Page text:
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Giants-Dodgers Preview: Q&A with ESPN Baseball Tonight’s Aaron Boone

The Giants face their NL West division rivals, the Los Angeles Dodgers, at home Friday. I spoke with Aaron Boone, 12-year MLB veteran and current analyst for ESPN’s Baseball Tonight, to preview the important three-game series. 


Keely Flanagan: You had a memorable 2003 stint with the Yankees. How does the Dodgers-Giants rivalry compare to the Red Sox-Yankees rivalry?

Aaron Boone: You know, especially now, I think it’s comparable. At the peak of Red Sox-Yankees, and speaking on when I was there [on the Yankees] in 2003, and then when the Red Sox beat them in 2004, it was as big as anything in sports probably. I’m not sure people on the East Coast realize how big a deal Dodgers-Giants is. I think especially when you consider how potentially good those teams are, with recent playoff success, and the two teams now slugging it out in the National League West to win that division, it’s a huge deal. 


KF: Why have the Giants been successful, winning two World Series championships in four years, while the Dodgers spend, spend, spend and have continually come up short?

AB: You know, I think it’s important to separate the two regimes. The Dodgers are really in year two-and-a-half of the new regime. Last year, they went on a historic run to eventually run away with the National League West under this new setup they have where they’ve become the team that spends the most money, and where they’ve added whatever they’ve needed. It’s a different situation. I think San Francisco has been one of the model organizations—you know, you think of St. Louis, you think of San Francisco—teams like that that just have a nice balance of homegrown people but also the financial wherewithal to bring in players from the free-agent market. The Giants have had tremendous stability with Brian Sabean as their general manager. He’s one of the best in the game. You think about both of their title runs, both times they made really critical trade deadline moves. Sometimes it’s been a big splash, sometimes it’s been what’s seemed like minor moves that ended up really contributing to world championships.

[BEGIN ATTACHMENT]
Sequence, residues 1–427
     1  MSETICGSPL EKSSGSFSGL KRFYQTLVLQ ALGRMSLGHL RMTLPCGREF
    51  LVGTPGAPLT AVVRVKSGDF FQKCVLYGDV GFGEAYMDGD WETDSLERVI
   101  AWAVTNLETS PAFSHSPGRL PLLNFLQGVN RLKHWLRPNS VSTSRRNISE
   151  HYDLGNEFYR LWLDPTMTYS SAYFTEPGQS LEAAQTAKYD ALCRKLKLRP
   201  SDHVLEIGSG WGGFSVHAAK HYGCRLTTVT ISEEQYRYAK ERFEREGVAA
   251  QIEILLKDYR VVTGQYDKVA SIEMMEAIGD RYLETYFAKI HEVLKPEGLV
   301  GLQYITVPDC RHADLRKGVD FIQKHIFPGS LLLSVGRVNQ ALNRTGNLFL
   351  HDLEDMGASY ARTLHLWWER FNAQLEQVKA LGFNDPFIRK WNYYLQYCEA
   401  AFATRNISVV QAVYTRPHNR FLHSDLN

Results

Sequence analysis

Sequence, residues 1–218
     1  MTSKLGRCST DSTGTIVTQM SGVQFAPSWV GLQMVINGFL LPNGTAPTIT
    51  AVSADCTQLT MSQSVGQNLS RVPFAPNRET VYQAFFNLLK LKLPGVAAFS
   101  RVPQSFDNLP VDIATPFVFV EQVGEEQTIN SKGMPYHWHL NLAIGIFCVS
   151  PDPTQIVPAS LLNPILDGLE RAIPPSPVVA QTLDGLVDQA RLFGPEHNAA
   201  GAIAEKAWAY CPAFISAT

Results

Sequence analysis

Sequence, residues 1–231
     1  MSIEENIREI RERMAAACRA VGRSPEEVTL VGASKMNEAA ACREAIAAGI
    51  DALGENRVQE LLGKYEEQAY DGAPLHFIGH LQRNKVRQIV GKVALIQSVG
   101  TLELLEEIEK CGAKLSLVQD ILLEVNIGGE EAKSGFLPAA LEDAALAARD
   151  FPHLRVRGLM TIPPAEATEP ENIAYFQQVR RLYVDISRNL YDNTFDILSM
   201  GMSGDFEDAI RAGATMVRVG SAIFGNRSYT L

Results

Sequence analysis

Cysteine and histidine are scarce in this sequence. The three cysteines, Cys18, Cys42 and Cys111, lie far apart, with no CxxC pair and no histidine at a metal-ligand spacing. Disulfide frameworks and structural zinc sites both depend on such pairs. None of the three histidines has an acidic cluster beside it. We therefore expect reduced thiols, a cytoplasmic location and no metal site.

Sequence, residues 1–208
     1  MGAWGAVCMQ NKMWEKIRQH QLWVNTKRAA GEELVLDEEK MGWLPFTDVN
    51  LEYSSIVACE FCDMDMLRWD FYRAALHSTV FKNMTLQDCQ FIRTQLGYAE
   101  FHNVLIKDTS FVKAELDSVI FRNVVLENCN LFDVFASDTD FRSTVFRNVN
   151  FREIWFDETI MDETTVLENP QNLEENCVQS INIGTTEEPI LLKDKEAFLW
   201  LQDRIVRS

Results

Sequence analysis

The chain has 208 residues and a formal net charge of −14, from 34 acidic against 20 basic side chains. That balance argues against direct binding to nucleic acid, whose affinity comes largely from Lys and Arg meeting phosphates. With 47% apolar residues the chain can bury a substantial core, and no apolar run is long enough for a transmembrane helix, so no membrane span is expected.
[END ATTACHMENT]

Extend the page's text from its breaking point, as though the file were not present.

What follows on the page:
KF: You mentioned making key trades at the right times for the Giants. Where is the biggest positional area of need for them right now and where can they look to fill these needs?

AB: It’s going to be fun to watch Brian Sabean, because it seems each year he has a really great handle on what this team needs. It’ll be interesting to see if he goes out to try and bolster the bullpen. And with Matt Cain down, this is a team that could use a starting pitcher. I think they’ll be more inclined to go the starting pitching route, or even relief pitching for that matter. I would think they’re one of the teams in the market to potentially upgrade some pitching. But you know Brian Sabean’s out there too trying to upgrade in other areas. It might not be a huge move, but something that maybe strengthens his bench, or gives him some depth. With some of the injuries he’s had at second base, and with Brandon Belt—it could be minor, or they could make a splash in the starting pitching rotation and get in on a guy like David Price should he become available. 


KF: The Giants have three important players injured right now: Angel Pagan, Matt Cain and Brandon Belt, out with a concussion. All three have had previous stints on the disabled list. Of the three, whose absence has made the biggest impact?

AB: That’s tough. Pagan seems to be a stabilizer to the team, for me. Defensively in center field, what he brings to the top of the order—so I would say him. But that’s hard to take away from anyone else.  Belt was off to a great start, and it looked like he was becoming the player everyone envisioned. And obviously missing Matt Cain is tough. I just think Angel Pagan brings something on both sides of the ball and adds stability at the top of the order and in center field. 


KF: What are the keys to this series for the Giants?

AB: They’re going to have to pitch well. The Dodgers have [Zack] Greinke, [Clayton] Kershaw and [Hyun-Jin] Ryu. Even if you have a successful series against them, you have to assume one, two or even three of these games to be low-scoring. The Giants are going to have to pitch well. It could come down to that old cliche, who gets the big hit at the right time.


KF: The Dodgers altered their pitching rotation order at the All-Star break to make sure the Giants face Clayton Kershaw, Zack Greinke and Hyun-Jin Ryu. Bruce Bochy and the Giants did not. Neither Tim Hudson or Madison Bumgarner will pitch against the Dodgers. How will this affect the series?

AB: If it works out for the Dodgers, I think it could turn out to be a really good move for them. Right now, the Dodgers are looking up at San Francisco in the standings. But with Bochy, and Cain being down, and Yusmeiro [Petit] moving into the rotation, Bochy’s been more one-game-at-a-time in getting his rotation together. And I think especially with [Tim] Lincecum throwing the ball much better, Bochy is trying to keep things as normal for his rotation as possible.